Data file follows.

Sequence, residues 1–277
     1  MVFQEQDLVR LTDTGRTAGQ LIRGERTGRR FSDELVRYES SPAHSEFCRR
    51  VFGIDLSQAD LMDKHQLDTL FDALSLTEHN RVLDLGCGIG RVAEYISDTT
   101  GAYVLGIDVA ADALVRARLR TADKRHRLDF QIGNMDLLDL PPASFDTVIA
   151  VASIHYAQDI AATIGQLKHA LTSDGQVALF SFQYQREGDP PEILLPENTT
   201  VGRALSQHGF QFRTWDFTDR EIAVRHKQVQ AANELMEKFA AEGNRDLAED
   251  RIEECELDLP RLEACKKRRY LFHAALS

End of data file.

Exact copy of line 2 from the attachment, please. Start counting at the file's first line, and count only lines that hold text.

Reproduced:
     1  MVFQEQDLVR LTDTGRTAGQ LIRGERTGRR FSDELVRYES SPAHSEFCRR